I wrote last week about the David French-Sohrab Ahmari debate, and why it doesn’t interest me. But there’s another reason I care so little about internecine right-wing doctrinal spats: I have a fatalism about history that you might call quasi-Marxist.
Or maybe it would be better to call it Tolstoyan. Readers of War and Peace will remember the theory of history that it dramatizes through the character of old General Kutuzov, who exasperates his fellow Russian officers by his passivity in the face of Napoleon’s invasion of Holy Russia.
But of course, in doing nothing to stop the French, and allowing Napoleon to seize Moscow, Kutuzov is demonstrating not passivity, but wisdom, and a confidence in the slow, but fine, grindings of time’s clock. The old general knows that the Russian winter will destroy the Western invaders. Time is on his side. All he needs to do is wait.
I feel the same about the liberalism that so exercises both the Ahmaris and Frenches of the world. “What is to be done?” they keen, then squabble about their different strategies. But I have my own answer to the question of what is to be done: nothing. Things are finally going my way. Why not let them work themselves through to their conclusion?
All the elements of the big picture conspire to indicate that the age of liberalism is ending, and that I’ll die in a world far more congenial to my reactionary temperament than was the world I was born into, these 60-odd years ago. So the sturm und drang of the Internet, the tweeted debates about tactics, the theater of what passes in this Twitter age for “intellectual life,” even the “intellectual life” of those in my ideological camp, are all vanity and wasted time.
When I do find myself caught up in the yammerings of online political debate—to the detriment of my regime of prayer and sacramental observance—I can snap myself out of it by surveying the battlefield. For the first six decades of my life, the view of this battlefield was depressing. My side was losing.
But the disposition of forces has changed. Here are some of the phenomena, unimaginable as recently as five years ago, that give me hope.
The end of the media as we know it: Certain elite media institutions, like The Washington Post and The New York Times, will outlive our moment. No matter. That’s the rare blemish on what’s otherwise a picture as lovely as anything the divine Claude Lorain ever committed to canvas. Print journalists are losing their jobs in droves as their industry craters. No need here to repeat the startling, and familiar, numbers.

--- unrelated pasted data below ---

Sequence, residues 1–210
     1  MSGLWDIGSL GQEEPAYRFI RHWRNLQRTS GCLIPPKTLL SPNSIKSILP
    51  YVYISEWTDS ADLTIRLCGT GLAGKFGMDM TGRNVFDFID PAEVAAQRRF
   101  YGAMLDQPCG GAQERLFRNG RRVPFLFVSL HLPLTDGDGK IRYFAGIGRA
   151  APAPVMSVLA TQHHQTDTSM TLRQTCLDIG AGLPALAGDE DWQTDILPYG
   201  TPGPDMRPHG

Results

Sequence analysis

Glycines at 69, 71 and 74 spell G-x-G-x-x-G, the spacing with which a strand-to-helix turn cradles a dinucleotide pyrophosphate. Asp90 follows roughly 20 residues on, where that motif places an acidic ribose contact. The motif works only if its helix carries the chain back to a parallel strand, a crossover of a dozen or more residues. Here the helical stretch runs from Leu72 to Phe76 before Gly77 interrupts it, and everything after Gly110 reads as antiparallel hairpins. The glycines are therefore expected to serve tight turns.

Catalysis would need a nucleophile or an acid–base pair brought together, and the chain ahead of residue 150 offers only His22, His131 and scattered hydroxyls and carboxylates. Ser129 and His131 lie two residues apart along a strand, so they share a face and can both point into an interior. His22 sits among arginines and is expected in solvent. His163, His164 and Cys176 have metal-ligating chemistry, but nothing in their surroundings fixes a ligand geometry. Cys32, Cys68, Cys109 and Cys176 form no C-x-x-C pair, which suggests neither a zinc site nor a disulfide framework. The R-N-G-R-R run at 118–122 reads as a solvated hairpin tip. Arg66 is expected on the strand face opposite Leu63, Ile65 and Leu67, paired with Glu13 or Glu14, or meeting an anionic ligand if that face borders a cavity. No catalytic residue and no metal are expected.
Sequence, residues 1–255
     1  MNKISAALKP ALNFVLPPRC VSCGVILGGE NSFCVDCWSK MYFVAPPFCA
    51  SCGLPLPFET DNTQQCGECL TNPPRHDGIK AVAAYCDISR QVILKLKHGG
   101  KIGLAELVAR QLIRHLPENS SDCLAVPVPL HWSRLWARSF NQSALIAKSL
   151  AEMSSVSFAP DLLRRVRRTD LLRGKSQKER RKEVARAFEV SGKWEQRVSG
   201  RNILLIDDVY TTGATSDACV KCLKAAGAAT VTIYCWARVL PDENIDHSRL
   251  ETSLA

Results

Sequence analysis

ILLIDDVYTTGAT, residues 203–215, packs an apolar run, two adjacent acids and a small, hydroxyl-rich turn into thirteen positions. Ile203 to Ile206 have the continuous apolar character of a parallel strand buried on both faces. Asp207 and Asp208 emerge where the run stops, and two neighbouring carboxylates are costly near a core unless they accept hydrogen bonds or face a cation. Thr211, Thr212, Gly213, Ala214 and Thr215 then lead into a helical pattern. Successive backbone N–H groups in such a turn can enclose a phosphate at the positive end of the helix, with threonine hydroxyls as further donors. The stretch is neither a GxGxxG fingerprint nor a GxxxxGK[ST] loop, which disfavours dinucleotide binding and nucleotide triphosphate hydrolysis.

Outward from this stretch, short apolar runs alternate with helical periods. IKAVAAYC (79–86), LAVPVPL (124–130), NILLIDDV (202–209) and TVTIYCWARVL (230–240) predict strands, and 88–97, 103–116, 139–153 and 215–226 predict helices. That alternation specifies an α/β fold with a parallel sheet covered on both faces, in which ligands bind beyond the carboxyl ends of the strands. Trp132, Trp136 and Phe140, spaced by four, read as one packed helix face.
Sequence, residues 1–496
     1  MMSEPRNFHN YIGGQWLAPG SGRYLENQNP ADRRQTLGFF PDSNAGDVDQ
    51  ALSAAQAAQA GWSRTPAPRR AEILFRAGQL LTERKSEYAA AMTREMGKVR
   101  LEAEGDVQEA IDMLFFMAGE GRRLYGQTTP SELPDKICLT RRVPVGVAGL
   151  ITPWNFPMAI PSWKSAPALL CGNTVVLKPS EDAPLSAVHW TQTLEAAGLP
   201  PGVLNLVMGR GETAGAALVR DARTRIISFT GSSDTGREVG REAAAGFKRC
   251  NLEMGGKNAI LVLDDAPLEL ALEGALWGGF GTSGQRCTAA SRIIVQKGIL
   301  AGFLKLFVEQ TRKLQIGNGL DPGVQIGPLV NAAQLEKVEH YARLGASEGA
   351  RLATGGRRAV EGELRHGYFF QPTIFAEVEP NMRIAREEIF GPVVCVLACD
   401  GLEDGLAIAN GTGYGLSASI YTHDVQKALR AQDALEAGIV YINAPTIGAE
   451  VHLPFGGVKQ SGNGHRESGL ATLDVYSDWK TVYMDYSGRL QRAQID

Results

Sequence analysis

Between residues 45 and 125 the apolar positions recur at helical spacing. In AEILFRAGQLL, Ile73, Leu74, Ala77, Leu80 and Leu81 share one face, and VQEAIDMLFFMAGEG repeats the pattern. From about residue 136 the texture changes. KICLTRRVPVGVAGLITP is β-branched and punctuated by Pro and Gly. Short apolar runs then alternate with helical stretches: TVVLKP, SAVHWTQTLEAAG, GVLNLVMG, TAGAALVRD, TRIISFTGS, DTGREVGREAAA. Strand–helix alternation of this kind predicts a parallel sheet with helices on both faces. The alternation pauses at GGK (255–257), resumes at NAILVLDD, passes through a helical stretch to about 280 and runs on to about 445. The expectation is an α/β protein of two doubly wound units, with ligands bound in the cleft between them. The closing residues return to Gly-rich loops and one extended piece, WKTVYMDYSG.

Meanwhile, as journalism completes its transition into a digital engine, driven by digital imperatives, it loses more of its credibility with each daily neo-liberal lie, hoax, transparent propaganda offensive, and so on. The media as we reactionaries have long understood and despised it is ceasing to be a threat.
The decadence of elite discourse: Some of us paleoconservatives see especially the younger members of our educated elite as a waxing ideological force to be reckoned with—a sort of Red Guard that’s about to sweep through our institutions, enforcing Stalinist ideological discipline. I don’t buy it. More likely we’re seeing the end of something, not the beginning: the rageful lashing out of a nearly 50-year-old ideological cult as, rigid, rotten, and mannered, it nears its extinction.
Evangelical Protestantism and the Catholic Church are in decline: Evangelical Protestantism, that emblematic thought system of the American Empire for the last couple of decades—a silly business of suburban mega-churches and Prosperity Gospels—is declining. Good riddance.
Catholicism is taking a beating, too, weathering an endless series of perversion scandals and endlessly betrayed by its liberal hierarchy. The churches are emptying. Well, praise the Lord, as our Evangelical friends might bellow. Those Catholics are welcome to join the Russian Orthodox Church, as I, a disillusioned Catholic myself, did.
(I suppose it’s strange for a reactionary like me to celebrate the decline of Catholicism, but really I’m celebrating the decline only of a corrupt, worldly, and sexually perverse Western, or more accurately northern, Catholicism. The Church is much healthier—both doctrinally and in terms of its demographics—in the southern hemisphere, where lies its future, if it’s to have a future.)
The death of the American Empire: There may be a lot of ruin in a country, but surely we’re getting to the end of ours. The last 20 years have seen our masters commit the United States to an exercise in self-immolation that has had few parallels in history.
I can think of downsides to the destruction of the American imperial system: the rise of a nasty China, for instance. But I do like such effects as the weakening of NATO, the rise of anti-liberal states in east-central Europe, and the resultant increased room for maneuvering afforded Holy Mother Russia as she seeks to reconstitute her God-ordained empire. Neo-con and neo-liberal warmongers whine that, with the American retreat from the world stage, we could see such events as the Russian invasion of the Baltics. How zealously some of us pray that these warmongers are correct!
Yes, my right-wing friends, we are winning. Good cheer is in order, and a prayer of thanksgiving: O Lord God, almighty Father, we praise Thee, give thanks unto Thee and glorify Thee, and offer unto Thee our worship, for Thou art He that hath bestowed upon us the knowledge of Thy truth.
And who can speak of Thy acts, make all Thy praises heard, or tell of all Thy wonders?
Receive our thanksgiving for all that Thou hast provided for us, for blessed art Thou, O Holy Father, together with Thy Son, our Lord Jesus Christ to Whom, with Thee and the Holy Spirit, be all glory and worship, now and unto eternity.